Miller's journal might stand alone as a fascinating text. Her writing skills reflect the emphasis on education and the arts within Oneida, and she wrote for, and eventually edited, the community's published periodical, The Circular. In fact, standing as an epigraph to the published journal is "Eros," the poem she composed in 1864, demonstrating even at the young age of twenty-one both her poetic prowess and romantic, sexual sensitivity. Yet, in spite of Miller's verbal dexterity and seemingly unrepressed expression of sentiment (compared to Shaker Isaac Newton Youngs or Puritan Michael Wigglesworth, who wrote in code; or Victor Hawley, who wrote in shorthand), Fogarty's thorough introduction and deft editorial comments help resurrect Miller's life for contemporary readers.
Miller's journal covers the period 1867 to 1879, which Fogarty describes as the height of the community's experimentation with stirpiculture (now known as eugenics). To set the context for Miller's reaction to these new plans, Fogarty includes in his introduction several sections, treating: 1) the utopian impulse in America, including the flurry of community building in the "burned-over" district of upstate New York in the mid-nineteenth century; 2) the upbringing and theological training of John Humphrey Noyes, a graduate of Dartmouth who later enrolled in seminary at both Andover Newton and Yale; 3) Noyes's founding of the community at Oneida, and his teachings of Biblical communism, complex marriage, male continence (for birth control and vital economy), ascending and descending fellowship, and mutual criticism.
Another editorial apparatus which assists readers is the "cast of characters" Fogarty provides. This explains names, nicknames, and initials entered in Miller's record, which usually stand without introduction. Centering the volume are sixteen pages of illustrations, largely photos of the people involved, which aid in bringing the characters to life and in reminding us that the people we see in formal, nineteenth-century poses had passions as strong as those we experience today.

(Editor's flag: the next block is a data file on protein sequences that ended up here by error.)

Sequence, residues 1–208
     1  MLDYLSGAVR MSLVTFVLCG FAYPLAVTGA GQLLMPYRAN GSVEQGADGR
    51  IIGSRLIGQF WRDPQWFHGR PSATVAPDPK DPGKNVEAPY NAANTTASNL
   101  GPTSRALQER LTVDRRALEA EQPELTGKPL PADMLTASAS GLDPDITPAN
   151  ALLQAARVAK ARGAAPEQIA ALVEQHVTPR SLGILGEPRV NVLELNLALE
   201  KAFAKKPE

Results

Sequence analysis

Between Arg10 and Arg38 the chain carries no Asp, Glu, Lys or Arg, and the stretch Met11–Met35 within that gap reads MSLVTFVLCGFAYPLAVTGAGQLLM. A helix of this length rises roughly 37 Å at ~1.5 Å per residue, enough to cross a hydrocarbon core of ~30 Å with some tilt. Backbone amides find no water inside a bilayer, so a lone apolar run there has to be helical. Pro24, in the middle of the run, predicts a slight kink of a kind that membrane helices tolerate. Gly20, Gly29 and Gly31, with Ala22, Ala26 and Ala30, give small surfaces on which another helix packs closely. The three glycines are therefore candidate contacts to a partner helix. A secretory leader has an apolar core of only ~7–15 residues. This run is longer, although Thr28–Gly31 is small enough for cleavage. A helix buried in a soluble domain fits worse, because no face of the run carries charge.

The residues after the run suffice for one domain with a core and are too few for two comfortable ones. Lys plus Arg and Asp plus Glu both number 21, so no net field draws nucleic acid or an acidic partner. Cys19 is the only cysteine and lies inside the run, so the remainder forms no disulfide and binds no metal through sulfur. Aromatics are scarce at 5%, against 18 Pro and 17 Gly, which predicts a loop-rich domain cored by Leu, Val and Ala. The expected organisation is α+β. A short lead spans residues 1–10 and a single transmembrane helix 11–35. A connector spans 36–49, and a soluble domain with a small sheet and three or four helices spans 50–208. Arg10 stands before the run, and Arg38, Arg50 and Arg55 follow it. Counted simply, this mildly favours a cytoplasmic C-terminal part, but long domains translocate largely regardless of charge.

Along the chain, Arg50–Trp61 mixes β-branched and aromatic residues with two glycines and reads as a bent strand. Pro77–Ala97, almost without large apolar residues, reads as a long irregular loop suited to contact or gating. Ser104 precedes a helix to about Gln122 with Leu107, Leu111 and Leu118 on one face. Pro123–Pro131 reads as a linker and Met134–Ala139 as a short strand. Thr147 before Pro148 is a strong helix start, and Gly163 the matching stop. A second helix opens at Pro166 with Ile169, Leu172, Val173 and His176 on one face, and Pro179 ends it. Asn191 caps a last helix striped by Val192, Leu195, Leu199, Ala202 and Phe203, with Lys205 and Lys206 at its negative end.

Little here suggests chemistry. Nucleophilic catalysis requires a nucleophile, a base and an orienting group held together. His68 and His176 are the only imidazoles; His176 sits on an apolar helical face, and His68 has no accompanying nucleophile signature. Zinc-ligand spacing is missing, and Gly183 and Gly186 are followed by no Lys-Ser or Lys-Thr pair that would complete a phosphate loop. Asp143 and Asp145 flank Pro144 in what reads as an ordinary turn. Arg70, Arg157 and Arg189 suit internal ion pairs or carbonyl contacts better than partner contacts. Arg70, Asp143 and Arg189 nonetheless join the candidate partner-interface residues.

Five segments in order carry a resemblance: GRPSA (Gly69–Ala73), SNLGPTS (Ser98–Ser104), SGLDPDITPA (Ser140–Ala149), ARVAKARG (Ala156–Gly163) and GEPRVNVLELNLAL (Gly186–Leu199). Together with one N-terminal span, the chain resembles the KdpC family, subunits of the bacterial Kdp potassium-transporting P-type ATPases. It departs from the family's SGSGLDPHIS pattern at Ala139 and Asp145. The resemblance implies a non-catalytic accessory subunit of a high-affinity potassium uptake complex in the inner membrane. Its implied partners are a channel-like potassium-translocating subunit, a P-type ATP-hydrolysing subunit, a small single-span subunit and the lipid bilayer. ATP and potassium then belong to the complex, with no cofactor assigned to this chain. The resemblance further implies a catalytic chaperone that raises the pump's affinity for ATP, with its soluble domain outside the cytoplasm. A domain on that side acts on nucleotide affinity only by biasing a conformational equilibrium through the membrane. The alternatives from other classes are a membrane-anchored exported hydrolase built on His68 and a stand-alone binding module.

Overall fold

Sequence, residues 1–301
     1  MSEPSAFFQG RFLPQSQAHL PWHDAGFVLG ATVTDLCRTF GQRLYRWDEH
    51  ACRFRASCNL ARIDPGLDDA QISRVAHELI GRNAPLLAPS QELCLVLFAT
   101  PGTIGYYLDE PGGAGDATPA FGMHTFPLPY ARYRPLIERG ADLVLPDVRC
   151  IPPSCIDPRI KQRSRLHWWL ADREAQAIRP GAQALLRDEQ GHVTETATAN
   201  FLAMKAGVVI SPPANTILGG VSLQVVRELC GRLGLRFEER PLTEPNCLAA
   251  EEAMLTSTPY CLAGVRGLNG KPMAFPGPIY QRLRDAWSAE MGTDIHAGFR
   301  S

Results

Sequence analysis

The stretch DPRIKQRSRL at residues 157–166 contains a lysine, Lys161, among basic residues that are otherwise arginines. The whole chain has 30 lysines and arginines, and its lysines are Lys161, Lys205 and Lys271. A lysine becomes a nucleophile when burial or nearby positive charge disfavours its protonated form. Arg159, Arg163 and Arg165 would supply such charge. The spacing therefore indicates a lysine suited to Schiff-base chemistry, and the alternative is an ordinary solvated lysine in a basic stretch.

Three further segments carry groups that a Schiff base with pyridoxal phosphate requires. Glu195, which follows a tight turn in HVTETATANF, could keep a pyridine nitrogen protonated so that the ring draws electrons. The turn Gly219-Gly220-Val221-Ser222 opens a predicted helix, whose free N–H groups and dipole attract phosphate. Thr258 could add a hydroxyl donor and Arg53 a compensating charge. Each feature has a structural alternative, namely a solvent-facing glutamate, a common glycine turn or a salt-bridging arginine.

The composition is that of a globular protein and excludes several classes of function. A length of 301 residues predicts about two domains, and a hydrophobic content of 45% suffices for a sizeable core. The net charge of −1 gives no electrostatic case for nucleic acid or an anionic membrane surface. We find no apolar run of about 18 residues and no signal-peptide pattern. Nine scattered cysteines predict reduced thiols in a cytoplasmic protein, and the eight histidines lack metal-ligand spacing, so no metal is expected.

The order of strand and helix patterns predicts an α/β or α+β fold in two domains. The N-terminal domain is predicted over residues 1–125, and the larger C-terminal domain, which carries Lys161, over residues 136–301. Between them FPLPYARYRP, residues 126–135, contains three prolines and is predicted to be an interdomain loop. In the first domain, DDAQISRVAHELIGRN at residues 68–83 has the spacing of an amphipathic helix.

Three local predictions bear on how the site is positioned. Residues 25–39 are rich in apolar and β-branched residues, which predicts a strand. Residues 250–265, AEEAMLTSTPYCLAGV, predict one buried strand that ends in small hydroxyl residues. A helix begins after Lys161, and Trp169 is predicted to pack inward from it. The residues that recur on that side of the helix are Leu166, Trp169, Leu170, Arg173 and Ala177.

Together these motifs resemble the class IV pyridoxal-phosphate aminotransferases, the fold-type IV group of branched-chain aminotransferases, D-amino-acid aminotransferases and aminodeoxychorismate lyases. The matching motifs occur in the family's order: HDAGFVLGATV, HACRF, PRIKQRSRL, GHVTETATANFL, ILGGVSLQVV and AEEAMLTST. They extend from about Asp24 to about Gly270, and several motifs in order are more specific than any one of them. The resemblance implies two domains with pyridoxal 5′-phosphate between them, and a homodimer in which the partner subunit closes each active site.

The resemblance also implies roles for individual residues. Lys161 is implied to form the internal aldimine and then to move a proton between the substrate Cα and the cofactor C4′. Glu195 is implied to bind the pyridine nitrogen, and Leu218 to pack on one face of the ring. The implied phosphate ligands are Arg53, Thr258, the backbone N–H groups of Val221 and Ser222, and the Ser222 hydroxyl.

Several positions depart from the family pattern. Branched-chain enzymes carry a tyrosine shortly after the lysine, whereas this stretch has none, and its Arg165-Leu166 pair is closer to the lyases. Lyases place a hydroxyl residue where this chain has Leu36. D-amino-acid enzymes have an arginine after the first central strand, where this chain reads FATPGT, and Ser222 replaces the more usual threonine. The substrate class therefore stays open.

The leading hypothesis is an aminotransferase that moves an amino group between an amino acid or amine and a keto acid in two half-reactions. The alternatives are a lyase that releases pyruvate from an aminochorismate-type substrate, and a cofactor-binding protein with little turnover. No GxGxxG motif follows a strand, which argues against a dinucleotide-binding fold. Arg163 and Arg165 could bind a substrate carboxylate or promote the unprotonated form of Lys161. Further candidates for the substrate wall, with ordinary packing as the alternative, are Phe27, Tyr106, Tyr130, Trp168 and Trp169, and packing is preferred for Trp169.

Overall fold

One of the beauties of Fogarty's work is the relatively small number of editorial notes that punctuate Miller's prose. Seven pages, consisting of sixty-six endnotes, illuminate remarks that might otherwise be opaque. Because Fogarty's introduction so ably lays the groundwork for approaching her record, readers need not be distracted unnecessarily by flipping back and forth to the volume's final pages. Certainly the notes assist in clarifying some details, but those who wish to remain immersed in Miller's confessional may do so.
Fogarty divides Miller's journal into three sections, which he labels according to the most significant emotional forces of each period. Each is connected to one of the three children Miller bore, physical reminders of her relationships with specific men of the community. The first focuses on the young Miller's relationship with her uncle George Wallingford Noyes, who died just before she gave birth to his son. A gap, which Fogarty suggests was prompted by the emotional loss of George, follows this period.